The interdisciplinary peer-reviewed journal Sociétés plurielles/Plural Societies (societesplurielles.fr) is launching a Call for papers on the theme "Identity versus science? Science at the service of identity?".
The appropriation of knowledge in terms of identity is a constitutive phenomenon of human societies and is already part of the analytical horizon of the social sciences. Long associated with constituted powers or political currents of various horizons, it has been marked, during the last decades, by a new phenomenon. In the name of the recognition of the rights or the memory of minorities from populations that were victims of colonialism, the claim to a right to control the conditions of scientific investigation or its results has been asserted. Addressed in particular from the angle of the uses of the past and the status of museographic objects in the post-colonial context, this tension between science and identity has been particularly sensitive in the fields of archaeology and anthropology, as the following brief list shows:
1. Thirty years ago in the United States, the NAGPRA (Federal Act on the Native American Graves Protection and Repatriation) established, among other things, the right of collectives considered to be the descendants of individuals whose remains were kept in museums to demand their restitution. By making them subject to the approval of these same groups, it also considerably tightened the conditions under which archaeological research could be carried out, thus provoking protests from part of the scientific community.
2. In Australia, where the situation of Aboriginal communities continues to be a salient political and social issue, the reproduction of museum items for publication purposes is now subject to their approval. Public institutions rarely fail to use the time-honoured phrase of respect for 'elders, past and present', as do the researchers they employ. It is in this context - and in the context of legal struggles over land rights - that the publication of a recent book has led to a genuine social phenomenon. The book, written by a novelist of Aboriginal descent, aims to challenge two centuries of consensus about the livelihoods of the continent's occupants at the time of the arrival of Westerners. The book was a huge bestseller and has been incorporated into school curricula, but it continues to provoke bitter controversy where scientific positions are inextricably intertwined with political agendas.
3. In a slightly different vein, it is also worth mentioning the recent ICOM project to redefine the mission of museums, according to which they "(...) are inclusive and polyphonic places of democratisation, dedicated to critical dialogue about pasts and futures. (...) The definition of the museum must be rooted in the plurality of worldviews and systems of thought and not in a single Western scientific tradition". The opposition to this proposal, which denies scientific knowledge any specific status and any primacy over beliefs, led to the decision being postponed. It is nevertheless significant of an era and of the claims that are being made.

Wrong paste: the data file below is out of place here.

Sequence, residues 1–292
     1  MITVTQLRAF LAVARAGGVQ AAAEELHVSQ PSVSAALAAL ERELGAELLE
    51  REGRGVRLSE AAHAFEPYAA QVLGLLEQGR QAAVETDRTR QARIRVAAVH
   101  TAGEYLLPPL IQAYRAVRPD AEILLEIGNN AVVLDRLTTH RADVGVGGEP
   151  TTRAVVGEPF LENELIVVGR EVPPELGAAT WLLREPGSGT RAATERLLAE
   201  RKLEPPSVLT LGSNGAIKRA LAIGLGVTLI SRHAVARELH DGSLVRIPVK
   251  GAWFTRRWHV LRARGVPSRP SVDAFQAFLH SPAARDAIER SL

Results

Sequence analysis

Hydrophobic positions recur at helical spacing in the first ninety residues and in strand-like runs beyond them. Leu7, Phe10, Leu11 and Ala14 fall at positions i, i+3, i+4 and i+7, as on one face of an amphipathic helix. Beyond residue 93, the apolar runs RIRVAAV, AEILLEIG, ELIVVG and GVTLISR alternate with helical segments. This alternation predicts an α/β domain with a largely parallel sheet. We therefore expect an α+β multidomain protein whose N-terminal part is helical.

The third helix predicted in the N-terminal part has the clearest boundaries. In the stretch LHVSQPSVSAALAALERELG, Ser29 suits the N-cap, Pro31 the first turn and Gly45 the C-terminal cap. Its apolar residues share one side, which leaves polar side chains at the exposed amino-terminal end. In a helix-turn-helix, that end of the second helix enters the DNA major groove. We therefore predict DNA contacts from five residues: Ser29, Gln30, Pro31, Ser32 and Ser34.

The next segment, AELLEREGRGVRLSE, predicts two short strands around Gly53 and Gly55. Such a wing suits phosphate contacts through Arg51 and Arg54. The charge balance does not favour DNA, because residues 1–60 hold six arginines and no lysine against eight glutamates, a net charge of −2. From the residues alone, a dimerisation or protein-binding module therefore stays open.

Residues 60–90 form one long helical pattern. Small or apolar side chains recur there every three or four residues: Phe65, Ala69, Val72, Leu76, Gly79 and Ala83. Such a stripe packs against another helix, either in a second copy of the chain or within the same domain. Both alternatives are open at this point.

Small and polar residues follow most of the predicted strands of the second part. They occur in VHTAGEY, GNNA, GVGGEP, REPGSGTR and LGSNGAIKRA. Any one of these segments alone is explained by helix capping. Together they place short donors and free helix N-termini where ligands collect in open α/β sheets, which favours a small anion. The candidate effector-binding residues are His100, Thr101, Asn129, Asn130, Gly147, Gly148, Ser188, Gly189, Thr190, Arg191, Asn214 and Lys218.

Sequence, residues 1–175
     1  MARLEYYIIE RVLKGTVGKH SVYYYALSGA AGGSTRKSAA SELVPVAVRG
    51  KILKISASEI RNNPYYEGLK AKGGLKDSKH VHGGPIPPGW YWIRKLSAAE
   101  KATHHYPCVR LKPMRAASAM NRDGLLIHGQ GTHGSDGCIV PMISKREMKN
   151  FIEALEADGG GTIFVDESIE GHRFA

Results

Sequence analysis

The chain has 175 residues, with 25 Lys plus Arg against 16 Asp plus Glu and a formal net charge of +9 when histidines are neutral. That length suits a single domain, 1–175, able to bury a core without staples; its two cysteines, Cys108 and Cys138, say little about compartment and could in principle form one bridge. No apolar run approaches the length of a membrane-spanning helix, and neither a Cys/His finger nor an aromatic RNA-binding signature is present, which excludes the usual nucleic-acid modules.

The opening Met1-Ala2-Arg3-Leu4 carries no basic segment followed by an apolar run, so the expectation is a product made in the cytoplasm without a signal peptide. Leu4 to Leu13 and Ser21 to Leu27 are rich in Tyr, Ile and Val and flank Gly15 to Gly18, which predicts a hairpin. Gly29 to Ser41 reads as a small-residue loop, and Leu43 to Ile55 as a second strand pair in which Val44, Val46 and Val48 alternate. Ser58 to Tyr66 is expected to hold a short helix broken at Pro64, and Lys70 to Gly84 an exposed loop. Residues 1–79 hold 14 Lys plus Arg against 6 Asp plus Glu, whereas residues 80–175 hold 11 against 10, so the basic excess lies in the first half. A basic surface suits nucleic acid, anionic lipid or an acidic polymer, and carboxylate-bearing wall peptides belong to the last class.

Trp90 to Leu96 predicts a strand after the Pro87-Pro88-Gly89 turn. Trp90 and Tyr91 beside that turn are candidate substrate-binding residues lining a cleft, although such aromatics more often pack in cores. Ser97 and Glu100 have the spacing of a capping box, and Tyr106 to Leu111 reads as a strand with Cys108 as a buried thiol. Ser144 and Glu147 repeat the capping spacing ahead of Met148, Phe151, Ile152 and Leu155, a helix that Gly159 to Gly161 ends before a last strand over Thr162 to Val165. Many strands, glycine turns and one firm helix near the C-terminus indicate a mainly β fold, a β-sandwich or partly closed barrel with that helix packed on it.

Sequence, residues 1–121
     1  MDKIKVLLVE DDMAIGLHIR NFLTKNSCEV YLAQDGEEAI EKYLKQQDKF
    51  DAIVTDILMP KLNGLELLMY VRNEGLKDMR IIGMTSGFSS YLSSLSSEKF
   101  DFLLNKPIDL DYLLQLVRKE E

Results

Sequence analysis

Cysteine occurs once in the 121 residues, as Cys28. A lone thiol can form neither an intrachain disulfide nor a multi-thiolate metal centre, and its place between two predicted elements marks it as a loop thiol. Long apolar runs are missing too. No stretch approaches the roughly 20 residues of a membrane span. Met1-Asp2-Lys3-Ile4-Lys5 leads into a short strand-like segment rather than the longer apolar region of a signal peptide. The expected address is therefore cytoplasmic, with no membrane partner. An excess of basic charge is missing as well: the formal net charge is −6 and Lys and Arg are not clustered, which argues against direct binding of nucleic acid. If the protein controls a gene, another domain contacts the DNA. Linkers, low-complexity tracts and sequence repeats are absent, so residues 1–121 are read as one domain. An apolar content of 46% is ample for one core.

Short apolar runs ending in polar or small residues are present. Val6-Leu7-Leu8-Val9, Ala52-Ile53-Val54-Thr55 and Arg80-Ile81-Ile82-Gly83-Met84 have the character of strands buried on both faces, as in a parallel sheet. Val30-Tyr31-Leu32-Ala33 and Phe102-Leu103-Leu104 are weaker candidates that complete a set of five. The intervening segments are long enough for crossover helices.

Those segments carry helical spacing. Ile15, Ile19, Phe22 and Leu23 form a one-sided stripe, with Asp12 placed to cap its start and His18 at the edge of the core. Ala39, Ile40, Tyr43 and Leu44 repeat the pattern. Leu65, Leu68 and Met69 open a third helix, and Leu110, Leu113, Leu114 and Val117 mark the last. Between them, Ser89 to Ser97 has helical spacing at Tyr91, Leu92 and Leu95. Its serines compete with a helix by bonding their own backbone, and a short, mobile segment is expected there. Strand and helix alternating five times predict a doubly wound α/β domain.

These few examples, which could be multiplied at will, illustrate the many questions raised by this movement, which raises new issues concerning the production of knowledge. Should the recognition of wrongs suffered, in particular by colonised populations, result in the granting of new rights to those identified as the descendants of these populations, concerning the objects likely to be the subject of scientific investigation, or even the discourse held about them? Are the demands of memory and those of knowledge antagonistic? How do the actors of scientific life view their collaboration? Does the consideration of these memory requirements represent an opportunity or an obstacle for science and the mutual understanding of different human communities? How can we explain the crystallization of this tension in different contexts of knowledge production? Which disciplines are concerned? What is the notion of truth underlying these debates? What is the status today of what can be called scientific relativism, which consists in formulating knowledge that is differentiated according to the group for which it is intended?
These are the questions that the next issue of Sociétés plurielles/Plural Societies wishes to address.
 John Whittaker, “Here comes the anthros. What good is an archaeologist?” in J. G. Andelson (dir), Anthropology Matters: Essays in honor of Ralph A. Lueben, Grinnell, Iowa: Grinnell College. 1997.
 Bruce Pascoe, Dark Emu: Black Seeds: Agriculture or Accident?, Magabala Books, 2014.
 International Council Of Museums.
Proposals of one-page text with a short biography in English, French, or German, can be sent to the editorial office at firstname.lastname@example.org.
Madalina Vârtejanu-Joubert (INALCO, PLIDAM)
Delphine Allès (INALCO, CASE, EHESS/INALCO), Liliane Crips (Université de Paris, ICT), Christophe Darmangeat (Université de Paris, LADYSS), Damiano de Facci (Université de Paris, LADYSS), Pilar Gonzales-Bernaldo (Université de Paris, « Mondes Américains », CNRS-EHESS), Éric Magnin (Université de Paris, LADYSS), Delphine Pagès-El Karoui (INALCO, CERMOM), Marie-Louise Pelus-Kaplan (Université de Paris, ICT), Patrick Renaud (Université Sorbonne Nouvelle Paris 3, CLESTHIA), Thomas Szende (INALCO, PLIDAM).